The first part of November is usually the peak of the flounder run, when big fish that have been feeding in the coastal rivers during the spring and the summer start moving out of the rivers and into the bays. We only consistently catch limits of flounder at this time of year, and the biggest flounder weigh 2 to 6 pounds.
You'll find flounder at the mouths of any coastal river. Sometimes the flounder will be biting slowly, and you only may catch one every 30 minutes. However, when you hit a big school of them, you'll catch one on every cast. Some days the flounder will be in 3 inches of water or perhaps 8 feet deep. Schindler likes to fish for flounder when the water's moving, and he generally can locate a leeward bank to fish successfully - even in windy weather.
To catch flounder, fish with ¼-ounce jigheads. The color of the grub doesn't really matter, as long as it has a chartreuse tail.
Schnindler also has learned that tipping the hook on the grub with a live minnow, a dead shrimp or a piece of cut bait is very important for success.
He fishes 20- to 30-pound-test braided line because the big flounder often will fight as hard as a 15-pound redfish, and as the braided line bumps the bottom, it will be in contact with oyster shells or barnacles.
Checking your drag frequently is also important.
The flounder is one of the tastiest fish that swims inshore, so you want to give yourself every advantage you can to land these flat fish.
You really have to search for flounder - with success sometimes in the first 15 minutes of fishing, or you may have to fish for three or four hours. Some days Schindler be on the trolling motor, and we may go for 100 yards or a ¼-mile and only catch one or two flounder. Then he'll hit a spot where the flounder are stacked up like pancakes and limit out in 20 minutes.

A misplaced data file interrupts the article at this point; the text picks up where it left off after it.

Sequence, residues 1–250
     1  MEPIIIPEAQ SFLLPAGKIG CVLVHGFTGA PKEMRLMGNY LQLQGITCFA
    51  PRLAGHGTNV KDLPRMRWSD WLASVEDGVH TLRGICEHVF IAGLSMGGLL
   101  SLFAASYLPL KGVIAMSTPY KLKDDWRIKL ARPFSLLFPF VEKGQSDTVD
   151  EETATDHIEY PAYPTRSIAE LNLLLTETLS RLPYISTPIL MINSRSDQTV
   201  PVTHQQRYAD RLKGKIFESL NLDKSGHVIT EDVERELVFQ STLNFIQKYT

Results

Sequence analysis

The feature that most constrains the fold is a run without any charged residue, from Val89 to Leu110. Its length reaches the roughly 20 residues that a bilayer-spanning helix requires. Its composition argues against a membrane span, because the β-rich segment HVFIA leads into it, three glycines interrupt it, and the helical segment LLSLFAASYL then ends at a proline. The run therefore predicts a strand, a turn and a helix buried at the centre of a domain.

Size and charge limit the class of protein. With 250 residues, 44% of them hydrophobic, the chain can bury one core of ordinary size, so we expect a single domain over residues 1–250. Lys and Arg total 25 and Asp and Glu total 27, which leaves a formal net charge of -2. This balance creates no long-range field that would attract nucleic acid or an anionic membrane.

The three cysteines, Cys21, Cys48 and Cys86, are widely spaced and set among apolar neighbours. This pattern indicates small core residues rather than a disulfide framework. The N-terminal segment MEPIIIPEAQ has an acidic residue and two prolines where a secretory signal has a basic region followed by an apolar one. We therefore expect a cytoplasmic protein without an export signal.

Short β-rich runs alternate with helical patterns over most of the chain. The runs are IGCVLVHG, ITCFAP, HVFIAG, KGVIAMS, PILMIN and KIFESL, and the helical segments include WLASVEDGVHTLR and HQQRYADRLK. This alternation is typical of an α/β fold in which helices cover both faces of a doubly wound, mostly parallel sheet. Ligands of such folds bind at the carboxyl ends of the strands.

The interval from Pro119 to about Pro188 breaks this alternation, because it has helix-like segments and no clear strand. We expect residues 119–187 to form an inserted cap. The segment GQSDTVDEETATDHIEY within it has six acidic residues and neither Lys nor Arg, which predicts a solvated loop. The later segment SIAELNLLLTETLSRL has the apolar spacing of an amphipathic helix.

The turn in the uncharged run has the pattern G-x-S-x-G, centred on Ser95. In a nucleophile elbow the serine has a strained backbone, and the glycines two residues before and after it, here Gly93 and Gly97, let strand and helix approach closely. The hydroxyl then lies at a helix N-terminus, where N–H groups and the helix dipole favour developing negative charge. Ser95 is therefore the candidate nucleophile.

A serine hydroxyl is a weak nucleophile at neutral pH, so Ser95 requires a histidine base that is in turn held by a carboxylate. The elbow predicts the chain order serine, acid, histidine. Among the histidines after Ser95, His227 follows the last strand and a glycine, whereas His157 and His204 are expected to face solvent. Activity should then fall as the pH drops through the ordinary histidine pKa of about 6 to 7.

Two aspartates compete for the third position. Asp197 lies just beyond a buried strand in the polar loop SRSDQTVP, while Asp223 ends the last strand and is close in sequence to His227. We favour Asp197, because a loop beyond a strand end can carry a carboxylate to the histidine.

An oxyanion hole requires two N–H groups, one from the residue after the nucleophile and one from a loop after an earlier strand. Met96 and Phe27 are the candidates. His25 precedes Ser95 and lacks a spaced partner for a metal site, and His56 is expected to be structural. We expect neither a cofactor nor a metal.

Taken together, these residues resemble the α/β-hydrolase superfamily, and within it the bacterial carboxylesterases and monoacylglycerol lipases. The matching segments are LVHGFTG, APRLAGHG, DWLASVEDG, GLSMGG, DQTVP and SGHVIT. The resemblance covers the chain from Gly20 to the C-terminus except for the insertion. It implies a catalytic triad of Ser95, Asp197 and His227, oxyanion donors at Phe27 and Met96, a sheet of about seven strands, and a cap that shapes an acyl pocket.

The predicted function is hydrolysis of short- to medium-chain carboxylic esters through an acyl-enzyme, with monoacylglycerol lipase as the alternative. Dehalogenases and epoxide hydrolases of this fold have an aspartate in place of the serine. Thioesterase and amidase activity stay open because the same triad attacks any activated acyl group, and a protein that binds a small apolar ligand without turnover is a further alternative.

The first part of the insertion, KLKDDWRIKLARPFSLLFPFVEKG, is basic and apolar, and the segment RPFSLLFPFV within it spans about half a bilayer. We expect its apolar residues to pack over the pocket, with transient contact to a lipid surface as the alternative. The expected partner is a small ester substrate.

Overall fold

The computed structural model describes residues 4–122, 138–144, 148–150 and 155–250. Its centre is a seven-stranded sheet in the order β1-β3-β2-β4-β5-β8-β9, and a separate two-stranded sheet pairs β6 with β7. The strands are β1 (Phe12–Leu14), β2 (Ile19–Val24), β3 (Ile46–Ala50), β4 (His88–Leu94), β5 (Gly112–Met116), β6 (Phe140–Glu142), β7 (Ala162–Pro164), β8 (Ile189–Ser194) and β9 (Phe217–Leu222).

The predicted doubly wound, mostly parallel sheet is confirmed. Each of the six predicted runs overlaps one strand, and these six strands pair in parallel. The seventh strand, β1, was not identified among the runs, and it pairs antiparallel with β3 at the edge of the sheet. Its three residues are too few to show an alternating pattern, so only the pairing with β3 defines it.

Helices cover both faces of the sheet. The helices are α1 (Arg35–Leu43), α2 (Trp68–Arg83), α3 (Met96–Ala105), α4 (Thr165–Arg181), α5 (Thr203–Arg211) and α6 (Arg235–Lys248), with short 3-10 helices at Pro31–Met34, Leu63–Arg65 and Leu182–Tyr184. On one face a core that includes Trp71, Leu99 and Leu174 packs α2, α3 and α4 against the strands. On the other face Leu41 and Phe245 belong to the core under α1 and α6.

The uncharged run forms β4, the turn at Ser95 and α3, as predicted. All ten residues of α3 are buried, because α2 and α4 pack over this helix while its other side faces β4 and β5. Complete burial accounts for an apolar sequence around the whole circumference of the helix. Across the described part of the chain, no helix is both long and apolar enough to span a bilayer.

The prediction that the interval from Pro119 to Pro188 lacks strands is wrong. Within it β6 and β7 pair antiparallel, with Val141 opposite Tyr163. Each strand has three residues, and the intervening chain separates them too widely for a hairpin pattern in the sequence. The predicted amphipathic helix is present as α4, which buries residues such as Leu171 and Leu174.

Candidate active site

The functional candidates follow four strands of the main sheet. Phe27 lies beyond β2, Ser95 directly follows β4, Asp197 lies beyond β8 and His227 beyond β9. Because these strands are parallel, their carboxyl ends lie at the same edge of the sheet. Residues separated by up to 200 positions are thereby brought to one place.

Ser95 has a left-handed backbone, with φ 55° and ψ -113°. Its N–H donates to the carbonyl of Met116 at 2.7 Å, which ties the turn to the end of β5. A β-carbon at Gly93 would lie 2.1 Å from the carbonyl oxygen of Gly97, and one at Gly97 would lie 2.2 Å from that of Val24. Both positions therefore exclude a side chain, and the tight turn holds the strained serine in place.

Because you often are fishing on the border of Louisiana and Mississippi, it's important to be aware of the limits in both. In Louisiana, you only can keep 10 flounder, but in Mississippi you can keep 15.
The wind determines which state will be most productive. You'll primarily be fishing close to shore, so you want to look for areas where the waves are crashing into the bank.
After boating a limit of flounder, you can start concentrating on speckled trout and head to Louisiana's Biloxi Marsh. Look for the points and the drains that come out of the marsh.
Anywhere you see bait ganged up, you can expect to catch trout. In November, you won't catch a lot of trophy trout, but you'll catch large numbers of 12- to 14-inch fish that average 1½ to 2 pounds each.
You can start fishing with live shrimp to help locate schools of trout, and then change over to soft-plastic lures.
You can always have a good day fishing spinnerbaits, topwater lures or dead shrimp close to the bank. But when the water is calm and clean, and there's little to no wind and some sunshine, you can look for those tailing redfish cruising the banks of the duck ponds, and sight-fish for them.
These redfish will be 16 to 27 inches, but if you want to pick a fight and cast to one of the 27- to 30-inch redfish, you'd better keep a tight hold on your rod and reel. The fight will be brutal.
When you're sight-fishing topwater lures for redfish in the duck ponds, productive baits include the Zara Spook, the Zara Puppy, the Rapala Skitter Walk, and the MirrOlure Top Dog and She Dog.
In November, the weather usually is pleasant - not too hot and not too cold. There is an occasional cold front, but that cold weather doesn't seem to bother the flounder. Or, you can move out on the artificial reefs and fish for bull reds, big black drum or sheepshead. Schindler likes to fish the reefs off Hancock and Harrison counties.
For the locations of the artificial inshore reefs off Mississippi's Gulf Coast, go to http://www.dmr.ms.gov/marine-fisheries/artificial-reef/73-inshore-reefs.
At press time, Shindler was taking a holiday, heading offshore with Capt. Rimmer Covington (601-951-3981) to fish for yellowfin and blackfin tuna behind the shrimp boats in deep water.
They run about 75 miles from Biloxi to reach the deepwater shrimp boats. When these shrimpers start cleaning their nets and throwing the bycatch out, the yellowfin tuna, blackfin tuna, bonito and sharks school up behind the boats.
If they're lucky, they'll catch mainly yellowfin and blackfin tuna. If they're not lucky, they'll hook up to a bunch of big sharks, have to cut our lines and go find another shrimp boat that doesn't have as many sharks around it.
However, there are some yellowfins out there that tip the scales at 125 to 200 pounds - or more.